• Childhood Friends: He and Jack Allen have been best friends since they were little.
  • Child Prodigy/ Teen Genius: Episodes shedding light on his past usually make this clear; “Around the Block” reveals that he was published in quite a few pages by the time he was Connie’s age.
  • Cool Old Guy:
    • He's at least in his sixties and has two grandchildren (one of whom is a young adult), but that doesn't stop him from going on archaeological expeditions, fighting an evil corporation (by occasionally less-than-clearly-legal means), sneaking into a notorious archaeologist crime lord's penthouse to retrieve vital information to arrest him (and taking a blow to the head with a heavy vase), or crafting a rather clever plan to put a B-list terrorist in jail while simultaneously faking his own son's death to keep him away from the agency and his old enemies.
    • He sky-dives in his spare time.
  • Crazy-Prepared: There are secret security measures and fail-safes in everything he’s ever created, probably.
    • In “Breaking Point”, he finally relents and hands the blueprints to the Imagination Station to someone else to complete it, but he leaves out some essential parts as a precaution anyway—which turns out to have been a good idea, because the guy working on it steals the plans and inner circuitry.
    • He also sets up a final fail-safe to shut down the Imagination Station in “Exit”, one that even Novacom, who used the Station to launch their brainwashing technology worldwide, wouldn’t know how to block—simply the word "Applesauce".
  • Deadpan Snarker: He doesn’t mince words when dealing with people whose attitudes he finds distasteful.
    Bart Rathbone (dressed in ‘60s attire): Great get-up, huh? Aw, they don’t make ‘em like this anymore.
    Whit: Small wonder.
    Bart: Imagine finding a pair of old bell-bottoms, paisley shirt, turtleneck, and a chic-a-dill-ick headband all in the same place!
    Whit: ...The dump?
  • Eccentric Mentor: The wisest character on the show is the owner of "an ice cream shop and discovery emporium" that contains virtual reality technology that is enviable even today.
    • In “Broken Window”, he has Connie, Mitch, and the kids at Whit’s End put on a trial for who broke the window at the Whit’s End storefront, the three accused being Alex Jefferson, Rodney Rathbone, and Sarah Prachett. As it turns out, Whit accidentally broke it while sweeping; he had them put on the trial because the kids were all blaming each other without knowing all the facts, and that way, the facts came out.
  • Encyclopedic Knowledge: He "dabbles" a bit.
  • Friendly Address Privileges: His full name is John Avery Whittaker, but his friends call him “Whit”. (The kids very rarely do, though, and Eugene almost exclusively refers to him as “Mr. Whittaker”.)
    • He recounts having introduced himself this way to his future wife, Guinevere Morrow, in “The Triangle”; as he had only a little while beforehand gleefully insulted her abilities as a writer without knowing it, she responded that while her friends called her “Jenny”, he could call her “Guinevere”.
  • Friend Versus Lover: In “The Triangle”, a flashback episode, he was caught between his feelings for Jenny and his friendship with Jack, who was in love with her.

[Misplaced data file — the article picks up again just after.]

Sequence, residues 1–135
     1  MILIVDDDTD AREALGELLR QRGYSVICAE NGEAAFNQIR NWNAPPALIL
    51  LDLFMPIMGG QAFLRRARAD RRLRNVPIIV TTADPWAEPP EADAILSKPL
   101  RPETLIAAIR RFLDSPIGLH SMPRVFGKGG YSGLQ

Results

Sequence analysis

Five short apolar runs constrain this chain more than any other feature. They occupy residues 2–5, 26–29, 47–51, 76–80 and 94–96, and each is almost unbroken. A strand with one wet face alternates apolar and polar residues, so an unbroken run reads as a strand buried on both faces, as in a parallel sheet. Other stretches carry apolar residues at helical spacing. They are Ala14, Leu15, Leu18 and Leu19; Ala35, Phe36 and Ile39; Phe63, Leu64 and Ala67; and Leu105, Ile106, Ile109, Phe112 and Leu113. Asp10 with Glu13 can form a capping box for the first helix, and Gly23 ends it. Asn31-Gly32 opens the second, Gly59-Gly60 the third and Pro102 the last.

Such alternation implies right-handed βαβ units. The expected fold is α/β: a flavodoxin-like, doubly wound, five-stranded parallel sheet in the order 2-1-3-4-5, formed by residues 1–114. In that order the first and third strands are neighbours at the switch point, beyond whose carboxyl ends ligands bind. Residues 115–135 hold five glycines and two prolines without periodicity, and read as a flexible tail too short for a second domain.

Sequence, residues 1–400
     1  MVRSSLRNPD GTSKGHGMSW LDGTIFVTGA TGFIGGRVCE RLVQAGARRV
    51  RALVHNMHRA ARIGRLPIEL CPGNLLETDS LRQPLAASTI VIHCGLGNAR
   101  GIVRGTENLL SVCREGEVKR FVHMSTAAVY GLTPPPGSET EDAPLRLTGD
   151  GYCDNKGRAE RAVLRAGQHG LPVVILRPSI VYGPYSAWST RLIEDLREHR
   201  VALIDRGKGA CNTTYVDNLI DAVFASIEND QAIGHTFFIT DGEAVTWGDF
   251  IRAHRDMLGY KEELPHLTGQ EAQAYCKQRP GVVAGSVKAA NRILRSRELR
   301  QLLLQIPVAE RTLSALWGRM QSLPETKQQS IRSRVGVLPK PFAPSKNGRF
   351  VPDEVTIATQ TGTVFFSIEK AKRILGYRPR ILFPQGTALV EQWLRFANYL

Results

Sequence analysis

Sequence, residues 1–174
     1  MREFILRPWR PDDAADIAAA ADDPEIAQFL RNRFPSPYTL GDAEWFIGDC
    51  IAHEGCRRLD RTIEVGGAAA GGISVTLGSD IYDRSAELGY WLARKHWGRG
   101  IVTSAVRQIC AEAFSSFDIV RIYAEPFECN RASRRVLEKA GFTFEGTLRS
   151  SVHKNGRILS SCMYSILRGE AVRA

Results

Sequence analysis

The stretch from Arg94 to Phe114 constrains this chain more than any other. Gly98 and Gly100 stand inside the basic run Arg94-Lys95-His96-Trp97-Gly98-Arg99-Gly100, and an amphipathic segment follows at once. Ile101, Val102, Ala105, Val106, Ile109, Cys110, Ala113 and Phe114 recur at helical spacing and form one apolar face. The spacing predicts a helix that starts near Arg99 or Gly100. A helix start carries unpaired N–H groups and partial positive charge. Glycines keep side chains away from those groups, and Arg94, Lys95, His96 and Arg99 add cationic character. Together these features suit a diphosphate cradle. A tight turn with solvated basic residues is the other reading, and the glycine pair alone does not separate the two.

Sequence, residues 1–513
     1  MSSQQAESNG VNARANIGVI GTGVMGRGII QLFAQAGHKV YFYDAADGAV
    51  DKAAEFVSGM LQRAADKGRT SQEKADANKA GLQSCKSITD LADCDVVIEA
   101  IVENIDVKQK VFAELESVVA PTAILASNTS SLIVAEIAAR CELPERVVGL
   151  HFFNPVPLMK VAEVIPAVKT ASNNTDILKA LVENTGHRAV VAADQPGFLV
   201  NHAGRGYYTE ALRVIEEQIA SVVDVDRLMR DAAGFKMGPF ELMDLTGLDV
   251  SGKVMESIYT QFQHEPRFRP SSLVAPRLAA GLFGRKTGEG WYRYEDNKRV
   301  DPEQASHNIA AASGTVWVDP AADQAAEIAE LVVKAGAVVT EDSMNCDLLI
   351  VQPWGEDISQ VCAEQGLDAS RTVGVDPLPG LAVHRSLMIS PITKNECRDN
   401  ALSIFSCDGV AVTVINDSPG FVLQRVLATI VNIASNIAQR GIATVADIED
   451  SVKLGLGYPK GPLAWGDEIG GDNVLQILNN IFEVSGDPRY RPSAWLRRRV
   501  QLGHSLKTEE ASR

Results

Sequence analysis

• Full-Name Basis: Often introduces himself as "John Avery Whittaker" (but most folks around Odyssey call him "Whit").
  • The Gadfly: He has a bit of a mischievous streak himself—he fools Curt with a hand buzzer in “Pranks for the Memories”, has a good laugh at Bart Rathbone’s expense after Bart sees the consequences for his corner-cutting in “A Rathbone of Contention”, and pretends to trip and fall in order to make a fake curse come true in “The Curse”.
  • Good Is Not Dumb: He is a conservative evangelical and he is no fool.
  • Good Is Not Soft: He doesn't fool around when Novacom tries messing with Odyssey, or when Blackgaard attempts to harm his loved ones.
  • Guile Hero/Science Hero: Tends to fight more with his wits and technological know-how than with physical skill.
  • Heroes Want Redheads: Tom mentions that his wife Jenny had red hair.
  • Horrible Judge of Character: Not typically—he usually has a pretty shrewd idea of who is on his side and who isn't most of the time—but "What Happened to the Silver Streak" is an example of his second chances and kindness backfiring when he has been defending a girl accused of stealing a train. Not only is she revealed to be the one who took it, she also regrets nothing about lying and stringing him along.
  • I Never Said It Was Poison: Becomes suspicious of Arthur Dent in "Opportunity Knocks" when Dent mentions Tom Riley's name in connection with land on which Novacom planned to build a tower after having acted as though he did not know who owned the property.
    • It's also how he sees through one of Bart's lies in "No Bones About It"—Bart claims that the Bones of Bigfoot that two kids thought they found were stolen, then Whit shows him a clip from the Bigfoot film that was shot at the site, explaining that the bones were fake. Bart then says that he’s relieved that the bones turned out to be plaster…which Whit never told him.
  • Lawful Good: Particularly in contrast to Connie’s Chaotic Good.
  • Like a Son to Me: For Eugene; he also explicitly states that Connie is "like a daughter".